1st Edition

Religion and Change in Australia

By Adam Possamai, David Tittensor Copyright 2022
    230 Pages 7 B/W Illustrations
    by Routledge

    230 Pages 7 B/W Illustrations
    by Routledge

    This timely book offers a panoramic overview of the enduring significance of religion in modern Australian society. Applying sociological perspectives and contemporary theories of religion in society, it challenges conventional assumptions around the extent of secularisation in Australia and instead argues that religious institutions, groups, and individuals have proved remarkably adaptable to social change and continue to play a major role in Australian life. In doing so, it explores how religion intersects with a wide range of other contemporary issues, including politics, race, migration, gender, and new media.

    Religion and Change in Australia explores Australia’s unique history regarding religion. Christianity was originally imported as a tool of social control to keep convicts, settlers, and Australian Aboriginal peoples in check. This had a profound impact on the social memory of the nation, and lingering resentment towards the "excessive" presence of religion continues to be felt today. Freedom of religion was enshrined in Section 116 of the Australian Constitution in 1901. Nevertheless, the White Australia Policy effectively prevented adherents of non-Christian faiths from migrating to Australia and the nation remained overwhelmingly Christian. However, after WWII, Australia, in common with other western societies, appears to have become increasingly secularised, as religious observance declined dramatically.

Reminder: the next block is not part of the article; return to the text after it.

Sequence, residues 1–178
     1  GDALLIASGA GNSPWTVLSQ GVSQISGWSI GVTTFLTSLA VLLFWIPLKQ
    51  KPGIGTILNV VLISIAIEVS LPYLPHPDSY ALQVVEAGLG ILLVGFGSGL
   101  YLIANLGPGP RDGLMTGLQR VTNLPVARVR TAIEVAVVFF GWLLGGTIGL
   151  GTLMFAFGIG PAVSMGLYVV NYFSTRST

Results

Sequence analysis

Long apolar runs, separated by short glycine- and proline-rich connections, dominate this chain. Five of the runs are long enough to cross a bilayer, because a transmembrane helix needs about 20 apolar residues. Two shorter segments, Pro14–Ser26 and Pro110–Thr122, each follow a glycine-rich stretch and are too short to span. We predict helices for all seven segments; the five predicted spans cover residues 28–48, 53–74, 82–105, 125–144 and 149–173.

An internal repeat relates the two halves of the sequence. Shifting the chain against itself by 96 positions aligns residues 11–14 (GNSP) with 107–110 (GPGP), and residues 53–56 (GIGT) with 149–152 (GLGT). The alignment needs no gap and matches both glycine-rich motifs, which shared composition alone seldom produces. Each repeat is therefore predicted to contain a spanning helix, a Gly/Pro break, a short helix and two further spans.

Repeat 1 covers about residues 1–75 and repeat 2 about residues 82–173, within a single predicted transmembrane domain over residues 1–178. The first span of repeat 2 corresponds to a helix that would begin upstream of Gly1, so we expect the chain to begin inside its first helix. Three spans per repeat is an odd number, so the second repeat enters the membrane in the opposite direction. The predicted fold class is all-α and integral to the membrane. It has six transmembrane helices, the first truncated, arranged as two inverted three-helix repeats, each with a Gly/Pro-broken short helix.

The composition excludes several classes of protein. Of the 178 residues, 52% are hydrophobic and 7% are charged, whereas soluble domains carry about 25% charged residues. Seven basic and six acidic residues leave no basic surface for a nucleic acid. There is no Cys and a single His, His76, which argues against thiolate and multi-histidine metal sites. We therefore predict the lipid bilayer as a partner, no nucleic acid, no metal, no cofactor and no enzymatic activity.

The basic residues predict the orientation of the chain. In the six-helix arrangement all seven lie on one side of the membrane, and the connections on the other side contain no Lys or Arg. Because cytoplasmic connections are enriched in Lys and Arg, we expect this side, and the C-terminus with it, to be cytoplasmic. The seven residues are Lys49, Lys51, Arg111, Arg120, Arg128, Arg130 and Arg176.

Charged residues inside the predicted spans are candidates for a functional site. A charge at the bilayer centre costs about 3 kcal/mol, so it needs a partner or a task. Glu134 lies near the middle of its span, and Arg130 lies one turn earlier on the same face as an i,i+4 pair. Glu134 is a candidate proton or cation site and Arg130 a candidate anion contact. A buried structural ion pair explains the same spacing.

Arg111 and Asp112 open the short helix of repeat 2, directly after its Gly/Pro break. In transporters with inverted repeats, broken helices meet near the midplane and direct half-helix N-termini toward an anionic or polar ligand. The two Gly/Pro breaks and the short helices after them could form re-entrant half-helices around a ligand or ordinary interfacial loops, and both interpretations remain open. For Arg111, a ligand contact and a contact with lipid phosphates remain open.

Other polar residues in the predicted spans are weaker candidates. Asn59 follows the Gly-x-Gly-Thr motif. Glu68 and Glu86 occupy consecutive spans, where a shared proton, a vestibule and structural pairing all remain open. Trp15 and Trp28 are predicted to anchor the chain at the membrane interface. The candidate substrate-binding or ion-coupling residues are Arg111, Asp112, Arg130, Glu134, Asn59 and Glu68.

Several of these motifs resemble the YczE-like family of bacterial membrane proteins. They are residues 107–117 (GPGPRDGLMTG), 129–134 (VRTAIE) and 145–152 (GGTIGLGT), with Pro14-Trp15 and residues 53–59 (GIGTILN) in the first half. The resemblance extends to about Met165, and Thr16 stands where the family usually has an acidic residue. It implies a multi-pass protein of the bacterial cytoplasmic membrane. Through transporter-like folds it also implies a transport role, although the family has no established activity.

However, Religion and Change in Australia employs a range of social theories to challenge this securalist view and argues that Australia is a post-secular society. The 2016 census revealed that over half of the population still identify as Christian. In politics, the socially conservative religious right has come to exert considerable influence on the ruling Liberal-National Coalition, particularly under John Howard and Scott Morrison. New technologies, such as the Internet and social media, have provided new avenues for religious expression and proselytisation whilst so-called "megachurches" have been built to cater to their increasing congregations. The adoption of multiculturalism and increased immigration from Asia has led to a religiously pluralist society, though this has often been controversial. In particular, the position of Islam in Australia has been the subject of fierce debate, and Islamophobic attitudes remain common. Atheism, non-belief, and alternative spiritualities have also become increasingly widespread, especially amongst the young.

    Religion and Change in Australia analyses these developments to offer new perspectives on religion and its continued relevance within Australian society. This book is therefore a vital resource for students, academics, and general readers seeking to understand contemporary debates surrounding religion and secularisation in Australia.

    1. Introduction

    2. Contemporary theories of religion in society

    3. A short history of religion in Australia before WWII

    4. Post-WWII migration to Australia: from being Christian to religiously plural